becoming a raisin. And everybody’s keeping an
eye out for the new rain. [NARRATOR:] When the
monsoon rains return, the wildebeest herds once more
move south toward the short grass plains, where
the cycle begins again. [GRANT:] So we had
two predictions from our hypothesis. One is that there is
variation in space in the availability of food. And the second prediction is
that our radio-collared animals are able to track the
availability of that food very precisely. And what we see
from this imagery is actually both
are actually true. [NARRATOR:] Migration gives
wildebeest access to fresh food year-round. Could it be that migration
is the key to explaining their enormous numbers? To answer this question, Grant
took advantage of the fact that not all wildebeest migrate. [GRANT:] There are actually four
small populations of wildebeest that don’t migrate at all. The largest herd does. The 1.3 million, those
are the big migrants. The resident populations
are far less abundant. By orders of magnitude… five thousand animals, as
opposed to 1.3 million. [music plays] [NARRATOR:] The migratory herds
follow a 650-kilometer circuit each year, taking
advantage of a massive, temporary food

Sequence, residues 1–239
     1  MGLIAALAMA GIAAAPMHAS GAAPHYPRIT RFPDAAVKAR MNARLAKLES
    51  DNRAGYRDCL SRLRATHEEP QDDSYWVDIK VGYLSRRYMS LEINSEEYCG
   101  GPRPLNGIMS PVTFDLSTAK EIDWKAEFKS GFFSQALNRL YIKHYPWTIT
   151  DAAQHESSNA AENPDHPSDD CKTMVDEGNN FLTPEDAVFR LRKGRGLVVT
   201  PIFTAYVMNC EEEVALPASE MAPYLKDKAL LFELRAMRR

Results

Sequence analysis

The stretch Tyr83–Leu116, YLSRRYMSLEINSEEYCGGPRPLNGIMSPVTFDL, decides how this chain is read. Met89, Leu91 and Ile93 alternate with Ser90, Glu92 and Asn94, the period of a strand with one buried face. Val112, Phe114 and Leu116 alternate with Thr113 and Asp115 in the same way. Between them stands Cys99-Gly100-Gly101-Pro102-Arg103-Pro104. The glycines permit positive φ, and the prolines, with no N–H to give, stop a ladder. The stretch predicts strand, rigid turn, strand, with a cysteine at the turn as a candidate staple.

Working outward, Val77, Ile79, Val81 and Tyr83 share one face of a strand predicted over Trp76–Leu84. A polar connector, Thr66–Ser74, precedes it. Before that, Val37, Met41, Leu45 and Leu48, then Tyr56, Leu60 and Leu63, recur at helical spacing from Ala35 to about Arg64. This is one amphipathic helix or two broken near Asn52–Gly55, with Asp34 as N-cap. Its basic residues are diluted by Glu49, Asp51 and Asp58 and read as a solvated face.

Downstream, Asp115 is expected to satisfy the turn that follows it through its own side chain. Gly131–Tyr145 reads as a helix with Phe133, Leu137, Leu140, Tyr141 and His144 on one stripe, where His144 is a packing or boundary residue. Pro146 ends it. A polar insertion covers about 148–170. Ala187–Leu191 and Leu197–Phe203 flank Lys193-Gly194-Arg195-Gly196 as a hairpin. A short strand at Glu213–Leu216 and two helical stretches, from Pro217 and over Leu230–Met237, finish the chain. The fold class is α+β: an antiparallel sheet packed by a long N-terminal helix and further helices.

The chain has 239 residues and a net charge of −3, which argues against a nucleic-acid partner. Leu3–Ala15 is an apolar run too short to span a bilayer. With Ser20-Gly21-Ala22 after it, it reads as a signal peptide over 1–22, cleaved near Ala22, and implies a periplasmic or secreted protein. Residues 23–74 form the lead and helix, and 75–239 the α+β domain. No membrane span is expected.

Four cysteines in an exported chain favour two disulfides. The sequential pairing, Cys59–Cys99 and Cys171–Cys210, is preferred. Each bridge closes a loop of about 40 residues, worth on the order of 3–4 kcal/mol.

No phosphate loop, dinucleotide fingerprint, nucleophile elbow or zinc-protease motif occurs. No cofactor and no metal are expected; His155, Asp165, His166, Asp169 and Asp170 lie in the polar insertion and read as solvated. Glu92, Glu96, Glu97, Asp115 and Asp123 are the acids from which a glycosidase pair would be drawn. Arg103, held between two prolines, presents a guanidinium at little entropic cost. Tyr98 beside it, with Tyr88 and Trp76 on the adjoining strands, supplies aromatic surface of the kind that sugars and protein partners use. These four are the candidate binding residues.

source in the south, then retreating to the north
when the southern plains dry out. Migration gives them
access to more food, and since their population
is regulated by food, they have become
far more numerous than the resident populations. But the food supply
isn’t the whole story. Resident and
migratory wildebeest also experience dramatically
different rates of predation. [TONY:] For resident wildebeest,
87% of the deaths was caused by predators, as we would expect
from the relationship between body size and the
cause of death. In contrast, only 25% of the
deaths of migratory wildebeest is accounted for by
predators, even though they are of the same size. [NARRATOR:] Compared
to the residents, migratory wildebeest are somehow
better at avoiding being eaten by predators. But why? [TONY:] Predators
cannot follow migrants. And this is because of
their basic biology. A baby lion takes six weeks
before it can basically follow the mother. The mother carries it. A baby wildebeest
can run as fast as the mother within 24 hours. So the wildebeest can keep
moving and the lions cannot keep moving. [lion growls] [NARRATOR:] Migration gives
wildebeest a double advantage: finding more food
without being eaten. The migratory wildebeest
aren’t just more abundant than the residents. They also exist at densities
up to 64 animals per square kilometer — more than four times
greater than the density of resident populations. The reason is that
migration helps them reduce top-down regulation
by predators and bottom-up regulation
by the food supply. Most of the Serengeti’s
herbivores don’t migrate. But in addition to wildebeest,
the ecosystem’s second- and third-most
numerous grazers — zebra and Thompson’s gazelle
— also migrate each year. [music plays] [NARRATOR:] Migration is a
widespread strategy that allows animals to access more food
and reduce their exposure to predators, allowing their
populations to grow very large. Around the world,
animals that migrate — like caribou in the Arctic, or
sandhill cranes in the American Midwest — often attain larger